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Review: The Killer (2023)



The visual style of David Fincher’s The Killer resembles the personality of its protagonist: meticulous, methodical, and relentlessly efficient. Like Michael Fassbender’s nameless assassin, the camera observes the action from a detached distance, as patient, disciplined, and cunning as a predator stalking its next meal. For the most part, the frame remains static, cutting between voyeuristic wides, intimate closeups, and unnervingly claustrophobic inserts as necessary; when there is movement, it is consistently calculated, mechanical, almost uncanny in its grace and fluidity. (There are, of course, exceptions to this rule; whenever our hero’s composure falters, for example, the film conveys his disorientation through shaky, jittery handheld shots.) The editing, meanwhile, emphasizes routines and ritualistic processes—from calisthenics exercises to the assembly of a sniper rifle to the systematic destruction/disposal of incriminating evidence—creating a hypnotically monotonous rhythm.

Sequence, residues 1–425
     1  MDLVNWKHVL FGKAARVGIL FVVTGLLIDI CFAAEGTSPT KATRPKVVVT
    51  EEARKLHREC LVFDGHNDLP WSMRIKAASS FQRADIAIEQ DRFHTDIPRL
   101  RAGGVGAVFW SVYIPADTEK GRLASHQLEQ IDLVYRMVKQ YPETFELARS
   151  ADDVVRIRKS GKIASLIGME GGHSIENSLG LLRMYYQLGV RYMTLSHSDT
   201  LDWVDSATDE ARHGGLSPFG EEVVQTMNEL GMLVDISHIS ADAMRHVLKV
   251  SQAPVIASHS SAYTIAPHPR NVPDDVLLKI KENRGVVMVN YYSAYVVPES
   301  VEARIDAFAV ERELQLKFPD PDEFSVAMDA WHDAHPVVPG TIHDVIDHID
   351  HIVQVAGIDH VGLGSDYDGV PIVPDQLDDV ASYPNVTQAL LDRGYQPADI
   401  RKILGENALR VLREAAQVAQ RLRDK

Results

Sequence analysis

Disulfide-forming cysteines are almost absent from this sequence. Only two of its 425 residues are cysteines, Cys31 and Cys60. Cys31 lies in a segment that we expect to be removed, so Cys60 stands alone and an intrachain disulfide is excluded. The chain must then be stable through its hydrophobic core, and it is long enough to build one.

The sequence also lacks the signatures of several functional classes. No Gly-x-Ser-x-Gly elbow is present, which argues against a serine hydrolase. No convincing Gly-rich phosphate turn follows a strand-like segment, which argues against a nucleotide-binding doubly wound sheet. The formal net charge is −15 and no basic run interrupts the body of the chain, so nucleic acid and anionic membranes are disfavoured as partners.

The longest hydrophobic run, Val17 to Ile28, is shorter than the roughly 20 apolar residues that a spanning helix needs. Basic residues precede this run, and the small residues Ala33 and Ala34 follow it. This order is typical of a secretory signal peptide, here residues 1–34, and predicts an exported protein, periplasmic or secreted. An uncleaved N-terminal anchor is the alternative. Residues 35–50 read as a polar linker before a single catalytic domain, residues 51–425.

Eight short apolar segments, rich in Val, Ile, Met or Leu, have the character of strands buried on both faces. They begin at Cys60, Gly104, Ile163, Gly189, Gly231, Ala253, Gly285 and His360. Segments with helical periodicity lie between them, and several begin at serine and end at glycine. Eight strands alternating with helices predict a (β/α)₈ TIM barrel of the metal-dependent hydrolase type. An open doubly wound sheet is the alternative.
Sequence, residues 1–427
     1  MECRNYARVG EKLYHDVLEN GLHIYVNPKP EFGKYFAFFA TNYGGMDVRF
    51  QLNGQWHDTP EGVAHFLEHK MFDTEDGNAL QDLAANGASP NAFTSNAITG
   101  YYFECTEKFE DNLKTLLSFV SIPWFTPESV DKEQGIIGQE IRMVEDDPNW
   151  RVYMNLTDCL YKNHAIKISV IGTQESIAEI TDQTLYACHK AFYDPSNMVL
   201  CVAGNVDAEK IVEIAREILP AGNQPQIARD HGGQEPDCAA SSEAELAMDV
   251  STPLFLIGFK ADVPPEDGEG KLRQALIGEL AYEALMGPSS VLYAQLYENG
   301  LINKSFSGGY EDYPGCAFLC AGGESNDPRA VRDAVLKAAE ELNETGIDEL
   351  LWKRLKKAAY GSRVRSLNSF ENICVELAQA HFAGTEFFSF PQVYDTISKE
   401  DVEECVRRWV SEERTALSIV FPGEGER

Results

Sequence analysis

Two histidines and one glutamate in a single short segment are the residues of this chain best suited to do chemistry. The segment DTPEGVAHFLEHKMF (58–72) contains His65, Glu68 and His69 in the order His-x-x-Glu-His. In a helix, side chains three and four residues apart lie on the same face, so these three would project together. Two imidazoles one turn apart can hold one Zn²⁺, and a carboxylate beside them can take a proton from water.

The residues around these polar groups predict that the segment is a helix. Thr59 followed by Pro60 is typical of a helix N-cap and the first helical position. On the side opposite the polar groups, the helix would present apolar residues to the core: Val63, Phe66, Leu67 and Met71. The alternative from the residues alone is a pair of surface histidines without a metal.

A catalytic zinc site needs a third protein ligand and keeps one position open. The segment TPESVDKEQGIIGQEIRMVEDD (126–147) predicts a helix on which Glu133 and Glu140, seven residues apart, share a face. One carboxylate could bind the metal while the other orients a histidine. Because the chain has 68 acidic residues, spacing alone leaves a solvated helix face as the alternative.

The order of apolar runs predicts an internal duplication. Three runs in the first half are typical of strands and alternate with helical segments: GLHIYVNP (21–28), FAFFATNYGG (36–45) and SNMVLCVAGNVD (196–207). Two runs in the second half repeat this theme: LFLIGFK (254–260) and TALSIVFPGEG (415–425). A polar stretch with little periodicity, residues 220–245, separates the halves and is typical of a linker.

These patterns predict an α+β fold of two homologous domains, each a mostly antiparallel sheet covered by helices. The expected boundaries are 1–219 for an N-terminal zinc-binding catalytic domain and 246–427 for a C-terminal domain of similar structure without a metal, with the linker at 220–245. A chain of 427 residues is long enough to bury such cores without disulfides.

This deliberate (hell, borderline languid) pace—which lingers on mundane details and general minutiae rather than frenetic shootouts and chaotic car chases—won’t be every viewer’s cup of tea, but I savored every seductively slow second. Formally precise, immaculately structured, and featuring a dry, dark sense of humor (particularly in the ironic contrast between the voiceover narration and the events unfolding onscreen), The Killer riffs on Melville’s Le Samouraï—and, consequently, its many imitators, including Ghost Dog: The Way of the Samurai and The American—without sacrificing Fincher’s distinctive directorial voice. Blending the best qualities of genre deconstruction and sincere homage, it is the perfect minimalist thriller—lean, mean, and deliciously pulpy.

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